If you are only going to be in the home a short time before selling, the added benefits to you of changing the layout so that room functions better become less important unless the layout is bad enough to hold back the sale of your home. A chat with a realtor who you trust might be a good way to get an unbiased perspective on this.

6. Are you planning to change your kitchen flooring now, or in the near future?

If you have recently spent money on new flooring which goes through a significant portion of your home and was installed around your existing cabinetry, not under, changing the floor plan of your kitchen might be more difficult. Think long and hard about whether you might like to change the layout of your kitchen down the road. At the very least buy plenty of extra flooring material so that it can be patched in if you absolutely have to go this route. Ideally the floors are done at the same time as the kitchen so they go underneath the cabinets.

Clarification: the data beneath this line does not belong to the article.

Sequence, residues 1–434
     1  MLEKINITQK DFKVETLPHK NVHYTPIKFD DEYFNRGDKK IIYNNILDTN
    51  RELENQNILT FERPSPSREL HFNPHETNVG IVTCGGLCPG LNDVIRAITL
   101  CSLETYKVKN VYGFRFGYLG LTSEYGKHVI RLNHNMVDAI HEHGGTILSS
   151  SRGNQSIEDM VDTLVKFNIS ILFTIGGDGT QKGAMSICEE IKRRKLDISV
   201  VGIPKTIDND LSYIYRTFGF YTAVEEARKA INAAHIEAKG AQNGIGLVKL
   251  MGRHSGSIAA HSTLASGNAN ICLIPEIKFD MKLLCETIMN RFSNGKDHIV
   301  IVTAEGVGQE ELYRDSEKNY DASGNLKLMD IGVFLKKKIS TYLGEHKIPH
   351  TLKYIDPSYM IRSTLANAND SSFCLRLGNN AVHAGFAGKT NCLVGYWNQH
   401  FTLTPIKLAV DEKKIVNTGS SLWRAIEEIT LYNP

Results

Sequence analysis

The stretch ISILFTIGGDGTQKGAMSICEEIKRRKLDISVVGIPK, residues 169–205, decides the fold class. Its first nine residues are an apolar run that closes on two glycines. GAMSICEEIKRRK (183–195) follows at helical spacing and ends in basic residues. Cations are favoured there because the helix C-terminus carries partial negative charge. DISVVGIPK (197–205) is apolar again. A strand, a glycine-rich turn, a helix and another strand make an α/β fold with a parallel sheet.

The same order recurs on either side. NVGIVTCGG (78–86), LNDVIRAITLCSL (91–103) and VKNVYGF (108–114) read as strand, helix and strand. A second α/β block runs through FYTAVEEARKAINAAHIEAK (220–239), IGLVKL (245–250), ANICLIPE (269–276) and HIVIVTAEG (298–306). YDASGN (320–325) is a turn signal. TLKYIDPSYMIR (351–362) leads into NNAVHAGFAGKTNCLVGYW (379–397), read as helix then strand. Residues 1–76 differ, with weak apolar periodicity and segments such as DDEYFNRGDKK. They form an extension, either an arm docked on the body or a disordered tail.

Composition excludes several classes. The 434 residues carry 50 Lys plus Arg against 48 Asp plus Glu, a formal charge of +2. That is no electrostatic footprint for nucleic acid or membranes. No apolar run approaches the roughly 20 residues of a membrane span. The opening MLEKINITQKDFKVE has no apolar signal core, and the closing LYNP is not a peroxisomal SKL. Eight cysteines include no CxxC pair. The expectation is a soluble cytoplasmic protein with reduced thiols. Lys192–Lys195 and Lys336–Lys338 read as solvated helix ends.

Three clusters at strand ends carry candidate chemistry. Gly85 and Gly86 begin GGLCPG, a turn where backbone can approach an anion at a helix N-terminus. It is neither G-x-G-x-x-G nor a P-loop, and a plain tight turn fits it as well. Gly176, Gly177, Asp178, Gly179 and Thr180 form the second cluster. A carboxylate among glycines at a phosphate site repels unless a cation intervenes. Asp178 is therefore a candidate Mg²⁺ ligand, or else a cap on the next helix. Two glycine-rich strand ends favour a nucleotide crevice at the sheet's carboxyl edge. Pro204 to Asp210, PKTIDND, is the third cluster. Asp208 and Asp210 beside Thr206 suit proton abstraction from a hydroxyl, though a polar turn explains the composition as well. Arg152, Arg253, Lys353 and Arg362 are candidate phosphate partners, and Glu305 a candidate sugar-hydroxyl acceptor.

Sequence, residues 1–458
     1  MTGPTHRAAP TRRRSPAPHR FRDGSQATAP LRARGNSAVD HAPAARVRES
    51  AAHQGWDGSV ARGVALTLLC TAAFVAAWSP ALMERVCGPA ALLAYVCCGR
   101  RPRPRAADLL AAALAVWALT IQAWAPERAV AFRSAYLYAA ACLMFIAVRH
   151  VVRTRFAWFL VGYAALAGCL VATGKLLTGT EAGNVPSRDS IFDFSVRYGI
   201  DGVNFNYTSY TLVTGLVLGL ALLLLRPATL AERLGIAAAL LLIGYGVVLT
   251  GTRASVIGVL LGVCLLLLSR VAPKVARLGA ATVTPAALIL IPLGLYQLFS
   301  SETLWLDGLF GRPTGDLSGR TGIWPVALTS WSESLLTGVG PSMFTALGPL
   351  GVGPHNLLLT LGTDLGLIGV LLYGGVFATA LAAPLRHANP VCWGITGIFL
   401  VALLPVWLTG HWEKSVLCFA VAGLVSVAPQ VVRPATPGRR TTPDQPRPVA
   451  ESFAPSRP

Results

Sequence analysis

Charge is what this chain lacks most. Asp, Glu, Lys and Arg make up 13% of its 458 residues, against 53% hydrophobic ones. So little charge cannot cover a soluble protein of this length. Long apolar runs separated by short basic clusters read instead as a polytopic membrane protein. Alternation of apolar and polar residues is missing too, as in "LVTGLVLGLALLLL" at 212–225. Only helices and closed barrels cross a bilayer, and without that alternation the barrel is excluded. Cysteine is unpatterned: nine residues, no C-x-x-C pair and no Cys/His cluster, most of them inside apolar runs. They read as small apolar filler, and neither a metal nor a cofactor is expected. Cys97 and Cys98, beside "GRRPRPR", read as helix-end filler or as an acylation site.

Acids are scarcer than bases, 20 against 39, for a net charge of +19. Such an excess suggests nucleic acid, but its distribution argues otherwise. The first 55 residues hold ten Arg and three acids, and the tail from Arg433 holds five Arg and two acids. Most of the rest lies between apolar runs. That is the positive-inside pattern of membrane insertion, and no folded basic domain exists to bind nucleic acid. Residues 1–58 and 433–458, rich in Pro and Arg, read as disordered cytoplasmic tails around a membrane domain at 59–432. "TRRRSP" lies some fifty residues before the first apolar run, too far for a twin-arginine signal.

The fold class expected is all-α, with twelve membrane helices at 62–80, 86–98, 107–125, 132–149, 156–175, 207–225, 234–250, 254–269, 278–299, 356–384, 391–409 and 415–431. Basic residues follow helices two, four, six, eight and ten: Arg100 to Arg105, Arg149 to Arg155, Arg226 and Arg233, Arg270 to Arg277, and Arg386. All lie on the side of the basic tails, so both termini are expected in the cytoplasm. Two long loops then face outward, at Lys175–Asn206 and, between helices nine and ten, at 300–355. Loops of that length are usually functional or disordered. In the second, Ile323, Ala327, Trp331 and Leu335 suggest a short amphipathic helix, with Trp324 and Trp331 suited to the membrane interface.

7. Do you love your existing countertops and backsplash or do you want to change those as well?

This can often be the tipping point. When there has already been significant money invested in granite or quartz countertops, the existing boxes are fairly new and the existing layout works well, then the benefits of refacing start to add up. We have also done jobs where we re-faced the base cabinets and added new uppers to be able save existing countertops.

Examples: What Decisions Did I Make in My Own Homes?

Here’s what I did for two homes I lived in. While these situations may apply to you, you should talk to a kitchen designer before deciding, as we are trained to see options that you may not.

House #1: Refacing Was the Right Solution